UMR students help to blaze a better trail along the Continental Divide

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On August 2, 2007

Michelle Marincel and Brian Payne are helping to blaze a better trail along the Continental Divide. The two University of Missouri-Rolla students are participating in Backpacker Magazine’s effort to make a definitive map of the Continental Divide Trail, which runs 3,100 miles from Mexico to Canada.

Brian Payne and Michelle Marincel recently mapped a 50-mile stretch of the Wyoming wilderness.

Currently, about 60 percent of the trail is mapped. Marincel and Payne recently carried a GPS device as they bushwacked and backtracked their way through the Medicine Bow National Forest near the Wyoming border with Colorado.

Back in Missouri, the UMR students are now in the process of finalizing a report for Backpacker, which plans to use information from 300 volunteers to create a comprehensive Continental Divide Trail website with an interactive map, notes, images, water locations, markers and GPS coordinates.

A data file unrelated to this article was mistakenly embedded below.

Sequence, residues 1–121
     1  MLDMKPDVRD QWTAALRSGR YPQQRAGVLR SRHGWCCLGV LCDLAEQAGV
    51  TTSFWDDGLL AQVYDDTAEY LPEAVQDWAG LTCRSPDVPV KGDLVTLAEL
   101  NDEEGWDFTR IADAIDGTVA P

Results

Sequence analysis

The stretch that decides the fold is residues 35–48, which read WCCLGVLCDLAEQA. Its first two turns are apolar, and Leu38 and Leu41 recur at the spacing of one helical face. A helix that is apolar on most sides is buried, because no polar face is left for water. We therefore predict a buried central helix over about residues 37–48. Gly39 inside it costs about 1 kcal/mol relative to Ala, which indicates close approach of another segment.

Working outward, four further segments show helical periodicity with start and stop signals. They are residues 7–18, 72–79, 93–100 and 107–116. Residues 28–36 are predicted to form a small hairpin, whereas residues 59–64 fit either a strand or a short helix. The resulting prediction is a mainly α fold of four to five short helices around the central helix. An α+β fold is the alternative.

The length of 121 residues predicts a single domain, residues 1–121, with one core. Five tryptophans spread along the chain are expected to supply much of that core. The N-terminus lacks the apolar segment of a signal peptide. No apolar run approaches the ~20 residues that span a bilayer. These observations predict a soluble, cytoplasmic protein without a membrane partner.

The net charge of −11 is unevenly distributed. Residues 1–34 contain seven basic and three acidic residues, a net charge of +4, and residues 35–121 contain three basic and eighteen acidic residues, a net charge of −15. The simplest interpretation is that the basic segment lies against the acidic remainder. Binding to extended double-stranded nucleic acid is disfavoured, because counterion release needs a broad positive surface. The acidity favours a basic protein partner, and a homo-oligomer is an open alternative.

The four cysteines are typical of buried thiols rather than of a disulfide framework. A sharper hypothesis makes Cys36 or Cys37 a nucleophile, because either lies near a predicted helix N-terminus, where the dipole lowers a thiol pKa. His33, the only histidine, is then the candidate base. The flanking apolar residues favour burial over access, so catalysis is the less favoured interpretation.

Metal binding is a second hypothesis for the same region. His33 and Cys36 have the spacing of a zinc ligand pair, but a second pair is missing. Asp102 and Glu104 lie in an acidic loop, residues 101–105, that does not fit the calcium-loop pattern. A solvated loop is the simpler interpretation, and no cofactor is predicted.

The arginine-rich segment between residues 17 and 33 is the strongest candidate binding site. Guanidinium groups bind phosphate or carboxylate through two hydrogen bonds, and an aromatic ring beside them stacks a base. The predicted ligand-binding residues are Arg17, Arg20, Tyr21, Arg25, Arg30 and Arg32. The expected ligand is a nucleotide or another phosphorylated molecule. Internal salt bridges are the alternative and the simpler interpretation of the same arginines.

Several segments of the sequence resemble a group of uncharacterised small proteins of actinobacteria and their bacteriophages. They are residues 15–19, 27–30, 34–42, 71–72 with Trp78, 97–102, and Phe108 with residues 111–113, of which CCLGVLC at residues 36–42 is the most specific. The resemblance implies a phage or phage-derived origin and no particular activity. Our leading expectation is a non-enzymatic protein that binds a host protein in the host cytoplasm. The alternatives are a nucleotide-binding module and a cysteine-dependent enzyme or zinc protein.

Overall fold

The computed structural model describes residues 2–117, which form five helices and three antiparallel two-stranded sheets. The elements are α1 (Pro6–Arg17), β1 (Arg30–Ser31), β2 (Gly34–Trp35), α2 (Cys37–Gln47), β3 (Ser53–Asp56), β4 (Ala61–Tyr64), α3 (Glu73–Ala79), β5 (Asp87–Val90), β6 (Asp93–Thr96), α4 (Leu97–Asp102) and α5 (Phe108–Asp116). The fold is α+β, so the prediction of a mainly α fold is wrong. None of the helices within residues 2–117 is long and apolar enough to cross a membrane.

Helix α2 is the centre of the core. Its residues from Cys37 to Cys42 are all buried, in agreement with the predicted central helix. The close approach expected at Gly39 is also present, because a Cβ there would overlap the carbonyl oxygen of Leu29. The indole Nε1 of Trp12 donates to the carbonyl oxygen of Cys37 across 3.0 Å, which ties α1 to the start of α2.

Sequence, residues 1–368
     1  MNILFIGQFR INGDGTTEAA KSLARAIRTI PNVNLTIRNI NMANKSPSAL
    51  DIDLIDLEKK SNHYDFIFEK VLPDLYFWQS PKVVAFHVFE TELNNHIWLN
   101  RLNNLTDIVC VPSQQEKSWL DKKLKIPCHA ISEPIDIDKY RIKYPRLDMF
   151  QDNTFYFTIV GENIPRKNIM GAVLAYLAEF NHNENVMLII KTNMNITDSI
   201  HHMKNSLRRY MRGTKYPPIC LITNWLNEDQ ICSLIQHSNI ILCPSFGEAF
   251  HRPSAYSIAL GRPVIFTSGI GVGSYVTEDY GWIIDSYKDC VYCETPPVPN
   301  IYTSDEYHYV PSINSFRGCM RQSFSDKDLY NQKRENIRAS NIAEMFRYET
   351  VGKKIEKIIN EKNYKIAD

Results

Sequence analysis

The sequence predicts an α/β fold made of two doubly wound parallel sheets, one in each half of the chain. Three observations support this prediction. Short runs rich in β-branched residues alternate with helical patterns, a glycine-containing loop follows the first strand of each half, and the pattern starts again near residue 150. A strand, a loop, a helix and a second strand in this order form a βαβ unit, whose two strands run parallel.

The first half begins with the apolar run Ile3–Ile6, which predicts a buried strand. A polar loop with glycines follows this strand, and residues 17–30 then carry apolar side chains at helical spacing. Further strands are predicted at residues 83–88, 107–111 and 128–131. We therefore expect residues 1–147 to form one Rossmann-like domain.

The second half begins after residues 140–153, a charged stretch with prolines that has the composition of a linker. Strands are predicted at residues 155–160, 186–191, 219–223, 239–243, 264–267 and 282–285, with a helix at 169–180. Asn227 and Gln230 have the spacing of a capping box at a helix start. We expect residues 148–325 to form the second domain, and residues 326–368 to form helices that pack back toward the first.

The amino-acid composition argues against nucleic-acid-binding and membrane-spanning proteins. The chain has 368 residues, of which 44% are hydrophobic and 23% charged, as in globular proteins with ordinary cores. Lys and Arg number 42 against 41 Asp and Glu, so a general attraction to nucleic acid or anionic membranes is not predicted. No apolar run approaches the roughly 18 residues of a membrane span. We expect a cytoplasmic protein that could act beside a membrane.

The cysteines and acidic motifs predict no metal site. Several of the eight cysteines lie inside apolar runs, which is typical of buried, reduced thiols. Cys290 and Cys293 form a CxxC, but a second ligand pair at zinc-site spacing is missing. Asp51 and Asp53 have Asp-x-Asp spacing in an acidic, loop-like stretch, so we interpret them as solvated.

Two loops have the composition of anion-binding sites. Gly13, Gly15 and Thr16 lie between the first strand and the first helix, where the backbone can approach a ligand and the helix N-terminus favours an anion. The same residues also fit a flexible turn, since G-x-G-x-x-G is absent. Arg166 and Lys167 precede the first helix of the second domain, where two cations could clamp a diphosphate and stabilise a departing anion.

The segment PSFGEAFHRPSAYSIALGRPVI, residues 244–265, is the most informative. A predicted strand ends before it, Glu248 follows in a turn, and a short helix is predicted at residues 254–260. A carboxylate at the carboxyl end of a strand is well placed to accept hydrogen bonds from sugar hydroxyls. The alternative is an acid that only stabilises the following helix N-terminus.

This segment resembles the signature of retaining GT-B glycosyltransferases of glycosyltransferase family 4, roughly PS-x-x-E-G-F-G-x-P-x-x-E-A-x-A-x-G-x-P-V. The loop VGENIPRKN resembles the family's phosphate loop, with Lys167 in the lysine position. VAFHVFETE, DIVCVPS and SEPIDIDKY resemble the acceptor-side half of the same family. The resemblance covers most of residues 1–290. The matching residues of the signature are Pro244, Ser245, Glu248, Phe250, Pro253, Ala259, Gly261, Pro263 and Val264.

For Marincel and Payne, the adventure started when they read an advertisement in Backpacker for volunteers. They were among more than 3,000 applicants who responded. As part of their application, Marincel and Payne submitted a video showing how they could make a snow melting machine out of Power Bars.

This part of the Continental Divide Trail was partially covered by hail after a freak storm.

“We started out at about 11,000 feet,” says Marincel, a graduate student in environmental engineering at UMR. “Then we ended up hiking through beautiful meadows and sagebrush.”

They hiked 15 miles the first day without water. Their total trip lasted five days and covered more than 50 miles.

“At one point we could see a storm on the horizon,” says Marincel, who is from St. Louis. “There was no shelter and we were on an old overgrown sheep trail. It was kind of exciting. We were really forging a new trail. There were no markers.”

The pair encountered antelope, deer, badgers, mosquitoes and a freak hailstone storm.

Payne, a senior in civil and environmental engineering from Berryton, Kan., says they also met a couple of through-hikers on the trail who were worried they wouldn’t make it to Montana before it starts to snow this September.

According to Payne, there are several guide books available that route backpackers on the Continental Divide Trail in various ways.

“We hope Backpacker’s project makes information on the CDT more accessible and encourages people to get out and hike it,” says Payne. “When the trail is finally complete, we look forward to being able to point to a 50 mile stretch in the Wyoming wilderness and say we mapped that.”

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On August 2, 2007. Posted in News